Some Republicans and pro-life advocates are debating the best strategy to de-fund the Planned Parenthood in the wake of a national scandal produced by nine videos exposing its sales of aborted babies and their body parts. The debate centers on whether Congress should attempt to shut down the federal government in an attempt to de-fund Planned Parenthood.
Senate Majority Leader Mitch McConell says the Senate will vote a second time to attempt to de-fund the Planned Parenthood abortion business. That declaration comes after reports that the House of Representatives is planning a vote on legislation in a couple weeks that would de-fund the Planned Parenthood abortion business. The two votes would follow one the Senate had weeks ago, which saw Senate Democrats filibuster and block legislation to revoke $550 million in taxpayer funding.
While the House has the votes to de-fund Planned Parenthood, Senate Democrats still have enough votes to block the bill there. Knowing that, some pro-life advocates suggest shutting down the government to de-fund Planned Parenthood, while others say the political cost for doing so would be too high a price to pay — with Democrats and a willing media blaming pro-life Republicans and accusing them of hurting Veterans, seniors or the poor and helping pro-abortion Democratic presidential candidates in the process.
But, even if Congress manages to shut down the government, a new study released by Congress finds a government shutdown wouldn’t greatly affect Planned Parenthood funding and be nothing more than an otiose pursuit.
Planned Parenthood would continue to receive the majority of its federal funding — including all of its Medicaid payments — even if Congress cannot enact a new spending law on Oct. 1, according to a nonpartisan study by the Congressional Research Service, obtained by POLITICO.
But, much like the 2013 shutdown did little to impede Obamacare, a temporary government shutdown this fall is unlikely to help conservatives further their goal of hitting back at the organization after a series of controversial videos have shown Planned Parenthood employees discussing the donation of fetal tissue. Unless Democrats somehow cave to conservative demands, Planned Parenthood is likely to keep a steady revenue stream through any temporary shutdown of the federal government, according to the report.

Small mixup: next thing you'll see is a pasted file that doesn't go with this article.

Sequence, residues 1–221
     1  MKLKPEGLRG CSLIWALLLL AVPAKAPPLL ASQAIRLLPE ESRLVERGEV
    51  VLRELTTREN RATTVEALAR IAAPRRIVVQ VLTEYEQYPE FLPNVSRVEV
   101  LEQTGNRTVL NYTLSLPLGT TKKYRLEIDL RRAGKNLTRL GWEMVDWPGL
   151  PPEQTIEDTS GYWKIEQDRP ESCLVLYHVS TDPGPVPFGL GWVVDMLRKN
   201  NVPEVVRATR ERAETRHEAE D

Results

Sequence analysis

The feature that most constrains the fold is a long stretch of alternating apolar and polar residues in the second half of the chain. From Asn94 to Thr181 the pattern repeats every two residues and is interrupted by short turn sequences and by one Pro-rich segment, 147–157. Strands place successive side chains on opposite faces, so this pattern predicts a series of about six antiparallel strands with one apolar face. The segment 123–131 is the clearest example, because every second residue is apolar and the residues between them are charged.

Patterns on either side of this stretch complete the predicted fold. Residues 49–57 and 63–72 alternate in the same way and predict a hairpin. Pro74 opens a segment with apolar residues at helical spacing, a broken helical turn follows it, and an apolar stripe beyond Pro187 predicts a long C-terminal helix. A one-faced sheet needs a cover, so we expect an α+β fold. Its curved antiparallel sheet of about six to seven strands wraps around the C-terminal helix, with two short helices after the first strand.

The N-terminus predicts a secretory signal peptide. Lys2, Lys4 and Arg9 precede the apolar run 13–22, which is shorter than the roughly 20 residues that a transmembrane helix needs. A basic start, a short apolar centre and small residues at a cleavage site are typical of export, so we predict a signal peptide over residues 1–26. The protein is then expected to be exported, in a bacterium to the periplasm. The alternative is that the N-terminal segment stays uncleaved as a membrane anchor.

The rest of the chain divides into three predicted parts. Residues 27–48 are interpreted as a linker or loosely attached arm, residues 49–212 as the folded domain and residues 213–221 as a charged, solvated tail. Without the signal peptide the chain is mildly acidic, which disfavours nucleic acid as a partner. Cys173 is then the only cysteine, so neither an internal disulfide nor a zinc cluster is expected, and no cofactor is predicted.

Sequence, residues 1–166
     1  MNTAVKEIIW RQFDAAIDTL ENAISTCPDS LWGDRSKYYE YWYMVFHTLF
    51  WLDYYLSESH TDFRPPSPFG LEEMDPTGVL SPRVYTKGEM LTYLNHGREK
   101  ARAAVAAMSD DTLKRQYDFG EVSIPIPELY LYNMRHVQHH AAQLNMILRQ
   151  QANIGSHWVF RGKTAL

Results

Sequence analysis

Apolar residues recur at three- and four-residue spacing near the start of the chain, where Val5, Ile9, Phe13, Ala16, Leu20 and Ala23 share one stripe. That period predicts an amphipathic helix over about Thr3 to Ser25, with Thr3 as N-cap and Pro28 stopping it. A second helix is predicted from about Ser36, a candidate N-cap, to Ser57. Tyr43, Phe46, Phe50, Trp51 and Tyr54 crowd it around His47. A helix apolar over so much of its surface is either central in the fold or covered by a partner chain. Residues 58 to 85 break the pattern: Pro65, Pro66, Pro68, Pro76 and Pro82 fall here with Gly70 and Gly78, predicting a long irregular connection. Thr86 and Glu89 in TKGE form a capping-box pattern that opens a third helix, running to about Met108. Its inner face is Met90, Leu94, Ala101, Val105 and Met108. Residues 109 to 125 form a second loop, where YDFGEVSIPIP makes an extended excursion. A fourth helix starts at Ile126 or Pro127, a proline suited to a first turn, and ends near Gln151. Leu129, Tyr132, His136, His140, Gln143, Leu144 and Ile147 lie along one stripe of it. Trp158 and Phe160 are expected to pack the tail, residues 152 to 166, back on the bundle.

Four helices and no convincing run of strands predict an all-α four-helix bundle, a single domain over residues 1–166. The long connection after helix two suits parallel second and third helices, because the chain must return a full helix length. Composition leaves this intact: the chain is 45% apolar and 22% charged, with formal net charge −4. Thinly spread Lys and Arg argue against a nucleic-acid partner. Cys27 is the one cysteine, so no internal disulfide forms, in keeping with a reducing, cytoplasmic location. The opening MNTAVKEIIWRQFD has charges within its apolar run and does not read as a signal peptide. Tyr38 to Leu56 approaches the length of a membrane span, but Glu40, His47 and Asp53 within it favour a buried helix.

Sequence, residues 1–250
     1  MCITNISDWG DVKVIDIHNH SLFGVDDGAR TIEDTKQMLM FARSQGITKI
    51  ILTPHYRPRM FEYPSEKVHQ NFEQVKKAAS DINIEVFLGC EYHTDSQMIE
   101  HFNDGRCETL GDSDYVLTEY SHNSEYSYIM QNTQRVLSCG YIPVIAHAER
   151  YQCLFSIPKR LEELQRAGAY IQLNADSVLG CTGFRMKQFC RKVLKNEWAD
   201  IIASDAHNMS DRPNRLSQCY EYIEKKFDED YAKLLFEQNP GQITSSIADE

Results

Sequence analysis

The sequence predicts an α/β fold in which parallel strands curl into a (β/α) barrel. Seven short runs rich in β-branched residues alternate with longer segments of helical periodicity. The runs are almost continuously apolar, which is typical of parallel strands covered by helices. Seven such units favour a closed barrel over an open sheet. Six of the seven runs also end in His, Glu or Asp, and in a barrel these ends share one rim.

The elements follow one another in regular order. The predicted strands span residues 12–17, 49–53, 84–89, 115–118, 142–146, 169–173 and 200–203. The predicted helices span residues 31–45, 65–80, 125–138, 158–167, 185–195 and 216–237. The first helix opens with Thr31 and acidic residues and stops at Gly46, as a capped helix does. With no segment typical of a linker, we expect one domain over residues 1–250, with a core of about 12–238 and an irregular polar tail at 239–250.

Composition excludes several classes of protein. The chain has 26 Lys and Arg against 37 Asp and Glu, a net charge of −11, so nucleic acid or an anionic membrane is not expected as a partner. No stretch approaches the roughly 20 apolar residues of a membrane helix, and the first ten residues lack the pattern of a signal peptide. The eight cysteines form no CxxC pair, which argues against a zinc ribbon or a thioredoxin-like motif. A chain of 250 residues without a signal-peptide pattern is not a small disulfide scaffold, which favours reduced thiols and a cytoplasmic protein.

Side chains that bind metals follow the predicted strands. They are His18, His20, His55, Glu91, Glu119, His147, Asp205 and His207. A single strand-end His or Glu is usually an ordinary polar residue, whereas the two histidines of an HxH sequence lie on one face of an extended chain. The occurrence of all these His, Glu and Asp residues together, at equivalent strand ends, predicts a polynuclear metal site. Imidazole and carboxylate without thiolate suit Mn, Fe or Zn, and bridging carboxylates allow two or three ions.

Planned Parenthood received $528.4 million in government funding in its fiscal year that ended June 2014, according to the group. CRS said that some of that money is funded through Department of Health and Human Services grant programs and would likely be halted if the government were to shut down. Planned Parenthood receives funding under Title X family planning grants.
But CRS said that in addition to Medicaid, other federal funding programs would be preserved, such as the Children’s Health Insurance Program and some programs that are funded for multiple years, such as Community Development Block Grants. CRS cautioned that its estimate was not exact and was based on Government Accountability Office estimates of Planned Parenthood’s federal funding in 2012.
Even if a shutdown produced minor cuts to Planned Parenthood, Republicans would be faced with the same problem they had in 2013: In addition to not harming the organization in the short term, a government shutdown over Planned Parenthood would also largely be blamed on Republicans, according to a Quinnipiac poll out this week.
In arguing against a government shutdown as the strategy to attempt to defund Planned Parenthood, the pro-life Weekly Standard notes some of the same points made in the Politico article.
During a government shutdown, most federal funding for Planned Parenthood would continue to flow because mandatory spending (programs like Obamacare and Medicaid) is not affected by a continuing resolution to fund the rest of the government. One hundred percent of federal funding for elective abortions covered by Obamacare would continue as would more than 75 percent of all other government funding to Planned Parenthood during a government shutdown.
In 2013, the same argument was made about Obamacare—that a shutdown over an effort to defund it would at least require the media to cover the trainwreck of a law. But the exact opposite happened.
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In all likelihood, a shutdown would not only fail to defund Planned Parenthood, it could do serious harm to more important efforts to protect the lives of unborn children. It would immediately change the debate from a discussion of Planned Parenthood’s victims to problems caused by a government shutdown. If a shutdown ends up handing the presidency to Hillary Clinton, that would foreclose the possibility of banning late-term abortion and taxpayer-funded abortion under Obamacare for at least four more years. If a Democratic president gets to replace either Kennedy or Scalia on the Supreme Court, a bloc of five solidly liberal justices could invalidate modest restrictions on abortion and the Hyde amendment, which bans direct federal funding of almost all abortions under Medicaid and saves tens of thousands of lives each year.
The popular sentiment right now among a large swath of pro-life conservatives is to hate on Mitch McConnell and John Boehenr because the pro-life Republican leaders are supposedly not doing enough to de-fund Planned Parenthood. But, if these reports are accurate, a government shutdown wouldn’t de-fund Planned Parenthood and could potentially damage the pro-life cause long-term.